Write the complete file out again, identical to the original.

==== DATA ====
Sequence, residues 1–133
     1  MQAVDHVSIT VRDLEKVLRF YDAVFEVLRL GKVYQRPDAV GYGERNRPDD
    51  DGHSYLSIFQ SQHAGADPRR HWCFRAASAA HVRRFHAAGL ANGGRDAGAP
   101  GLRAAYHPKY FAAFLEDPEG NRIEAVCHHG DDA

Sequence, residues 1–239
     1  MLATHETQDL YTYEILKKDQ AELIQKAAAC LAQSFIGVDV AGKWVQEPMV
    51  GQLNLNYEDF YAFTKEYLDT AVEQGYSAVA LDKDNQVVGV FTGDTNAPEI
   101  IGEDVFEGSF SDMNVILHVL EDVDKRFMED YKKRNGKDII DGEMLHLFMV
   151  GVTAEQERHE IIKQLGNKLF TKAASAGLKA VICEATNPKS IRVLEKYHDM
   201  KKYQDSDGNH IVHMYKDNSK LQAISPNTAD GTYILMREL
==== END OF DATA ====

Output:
Sequence, residues 1–133
     1  MQAVDHVSIT VRDLEKVLRF YDAVFEVLRL GKVYQRPDAV GYGERNRPDD
    51  DGHSYLSIFQ SQHAGADPRR HWCFRAASAA HVRRFHAAGL ANGGRDAGAP
   101  GLRAAYHPKY FAAFLEDPEG NRIEAVCHHG DDA

Sequence, residues 1–239
     1  MLATHETQDL YTYEILKKDQ AELIQKAAAC LAQSFIGVDV AGKWVQEPMV
    51  GQLNLNYEDF YAFTKEYLDT AVEQGYSAVA LDKDNQVVGV FTGDTNAPEI
   101  IGEDVFEGSF SDMNVILHVL EDVDKRFMED YKKRNGKDII DGEMLHLFMV
   151  GVTAEQERHE IIKQLGNKLF TKAASAGLKA VICEATNPKS IRVLEKYHDM
   201  KKYQDSDGNH IVHMYKDNSK LQAISPNTAD GTYILMREL